She gave a passionate call to honor our host, God, doing so covered in grace at a banquet to which all are invited.

And with that, she asked the question: “Could this be the banquet filled with the things that really matter?”

Deaconesses and home missioners stand for commissioning during the May 16 worship service of the United Methodist 2016 General Conference in Portland, OR.Photo by Maile Bradfield, UMNS.

Deaconesses and home missioners stand for commissioning during the May 16 worship service of the United Methodist 2016 General Conference in Portland, OR.

At the conclusion of her sermon and its call for active, urgent justice work on behalf of God, Clara Ester, a Deaconess in the UMC, began the Service of Consecration of Deaconesses and Home Missionaries. These 26 UM individuals serve without the privileges that come with formal ordination and live out the love and justice ministries of the church. Each affirmed that they have been led by the Spirit of God to live out their lifetime vocation in these ministries.

Bishops Pedro Torio, Jr, Rosemarie Wenner and Cynthia Harvey presided at the consecration service. After the charge, the congregation responded with these words of affirmation and support:

“We thank God for your willingness to serve as deaconesses and home missioners of The United Methodist Church. Together we are the people of God, called to God’s mission of inviting all the world into the joy and celebration of Christ’s grace.”

A rousing rendition of “God’s Got a Party Robe for You” ended the opening worship for the second week of General Conference.

Click here to read a transcript of Bishop Harvey’s sermon.

I’m a retired Elder in the United Methodist Church, the place I finally discovered grace after a lifelong search. I love writing, gardening, reading, asking questions and making connections between political and religious practices.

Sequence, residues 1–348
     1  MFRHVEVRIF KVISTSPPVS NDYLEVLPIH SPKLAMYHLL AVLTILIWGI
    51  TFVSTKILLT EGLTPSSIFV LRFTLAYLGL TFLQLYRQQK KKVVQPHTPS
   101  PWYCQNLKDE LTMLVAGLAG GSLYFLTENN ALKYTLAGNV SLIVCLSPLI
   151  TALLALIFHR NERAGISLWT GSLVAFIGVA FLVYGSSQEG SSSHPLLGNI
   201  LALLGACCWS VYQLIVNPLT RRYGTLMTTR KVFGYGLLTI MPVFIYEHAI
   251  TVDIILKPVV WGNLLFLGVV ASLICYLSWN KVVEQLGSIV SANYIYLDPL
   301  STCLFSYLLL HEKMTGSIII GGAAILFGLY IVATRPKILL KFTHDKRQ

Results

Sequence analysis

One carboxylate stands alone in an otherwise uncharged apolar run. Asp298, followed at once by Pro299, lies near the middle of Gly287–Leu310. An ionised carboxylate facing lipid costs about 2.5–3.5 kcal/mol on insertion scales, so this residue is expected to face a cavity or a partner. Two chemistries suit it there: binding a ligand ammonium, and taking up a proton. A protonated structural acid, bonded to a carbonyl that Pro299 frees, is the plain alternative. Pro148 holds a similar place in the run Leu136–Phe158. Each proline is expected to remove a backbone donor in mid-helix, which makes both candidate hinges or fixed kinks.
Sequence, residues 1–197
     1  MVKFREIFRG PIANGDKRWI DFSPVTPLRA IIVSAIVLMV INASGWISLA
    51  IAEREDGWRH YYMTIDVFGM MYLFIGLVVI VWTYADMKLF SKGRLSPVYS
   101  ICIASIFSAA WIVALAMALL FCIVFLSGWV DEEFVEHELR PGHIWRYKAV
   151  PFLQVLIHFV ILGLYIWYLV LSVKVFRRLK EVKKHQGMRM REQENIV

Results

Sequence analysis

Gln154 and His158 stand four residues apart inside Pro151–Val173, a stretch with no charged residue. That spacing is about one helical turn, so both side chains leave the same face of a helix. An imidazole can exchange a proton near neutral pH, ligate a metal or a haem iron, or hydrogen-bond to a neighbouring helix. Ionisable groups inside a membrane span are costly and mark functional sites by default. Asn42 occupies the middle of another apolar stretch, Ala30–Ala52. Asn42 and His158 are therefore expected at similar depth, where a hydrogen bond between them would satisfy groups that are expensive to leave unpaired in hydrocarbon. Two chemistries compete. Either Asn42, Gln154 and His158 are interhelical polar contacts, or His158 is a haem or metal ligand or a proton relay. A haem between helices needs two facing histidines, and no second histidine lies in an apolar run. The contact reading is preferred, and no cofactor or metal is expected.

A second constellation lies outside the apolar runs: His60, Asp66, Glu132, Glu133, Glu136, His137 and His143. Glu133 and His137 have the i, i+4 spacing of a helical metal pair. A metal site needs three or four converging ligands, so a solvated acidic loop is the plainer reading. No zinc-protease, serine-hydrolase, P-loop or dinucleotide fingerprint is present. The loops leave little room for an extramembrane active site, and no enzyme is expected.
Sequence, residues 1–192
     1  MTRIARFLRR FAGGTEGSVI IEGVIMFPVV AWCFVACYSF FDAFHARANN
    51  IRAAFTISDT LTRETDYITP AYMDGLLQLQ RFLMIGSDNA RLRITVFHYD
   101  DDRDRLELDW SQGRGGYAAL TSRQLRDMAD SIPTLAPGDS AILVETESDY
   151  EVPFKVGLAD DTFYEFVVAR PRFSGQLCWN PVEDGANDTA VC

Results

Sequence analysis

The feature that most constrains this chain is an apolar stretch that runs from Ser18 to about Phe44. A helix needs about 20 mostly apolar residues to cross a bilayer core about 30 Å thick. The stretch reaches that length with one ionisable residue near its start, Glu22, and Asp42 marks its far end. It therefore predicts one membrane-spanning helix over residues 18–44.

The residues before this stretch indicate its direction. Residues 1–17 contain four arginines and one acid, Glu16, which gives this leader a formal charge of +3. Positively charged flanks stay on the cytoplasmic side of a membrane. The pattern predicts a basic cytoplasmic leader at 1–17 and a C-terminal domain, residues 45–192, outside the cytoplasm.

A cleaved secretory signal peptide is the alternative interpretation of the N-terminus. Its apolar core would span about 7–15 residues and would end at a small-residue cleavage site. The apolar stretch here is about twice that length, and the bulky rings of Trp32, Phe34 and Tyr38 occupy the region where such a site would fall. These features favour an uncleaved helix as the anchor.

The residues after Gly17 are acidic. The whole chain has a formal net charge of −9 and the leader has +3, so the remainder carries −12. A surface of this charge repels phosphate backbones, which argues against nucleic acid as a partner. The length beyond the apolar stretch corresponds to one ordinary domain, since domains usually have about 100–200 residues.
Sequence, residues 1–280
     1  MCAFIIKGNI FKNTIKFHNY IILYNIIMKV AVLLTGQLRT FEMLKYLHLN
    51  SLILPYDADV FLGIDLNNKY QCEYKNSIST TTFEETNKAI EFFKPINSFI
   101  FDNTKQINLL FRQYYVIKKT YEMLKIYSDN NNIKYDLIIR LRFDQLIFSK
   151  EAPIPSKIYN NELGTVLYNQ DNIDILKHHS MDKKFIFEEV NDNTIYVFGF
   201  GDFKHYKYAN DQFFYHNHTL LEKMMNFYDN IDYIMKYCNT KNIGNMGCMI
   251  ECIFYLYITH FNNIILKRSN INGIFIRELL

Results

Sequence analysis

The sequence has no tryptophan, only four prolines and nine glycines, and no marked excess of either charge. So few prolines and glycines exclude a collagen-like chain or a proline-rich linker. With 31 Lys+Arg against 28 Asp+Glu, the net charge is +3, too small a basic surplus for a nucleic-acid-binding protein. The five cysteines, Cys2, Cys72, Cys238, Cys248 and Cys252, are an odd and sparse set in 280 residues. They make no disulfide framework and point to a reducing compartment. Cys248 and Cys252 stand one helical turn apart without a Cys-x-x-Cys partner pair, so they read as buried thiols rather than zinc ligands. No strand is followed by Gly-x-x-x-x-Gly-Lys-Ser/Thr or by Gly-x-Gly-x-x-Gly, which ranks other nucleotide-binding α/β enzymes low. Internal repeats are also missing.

My husband and I jointly claim eleven children (as he says, “mostly by mergers and acquisitions!”) and twelve grandchildren. In between our own travels, we love to have them and many others come and stay with us a bit. We see so much of the heavenly grace in the offering of earthly hospitality.

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The United Methodist Reporter wants to encourage lively conversation about The United Methodist Church and our articles in the belief that Christian conversation (what Wesley would call conferencing) is a means of grace. While we support passionate debate, we cannot allow language that demeans or demonizes others, and we reserve the right to delete any comment we believe to be harmful or inappropriate. We encourage all to remember that we are all broken and in need of Christ's grace, and that we all see through the glass darkly until that time we when reach full perfection in love. May your speech here be tempered with love, and reflection of the fruits of love, joy, peace, patience, kindness, goodness, faithfulness, gentleness, and self-control. After all, "There is no law against things like this." (Galatians 5:22-23)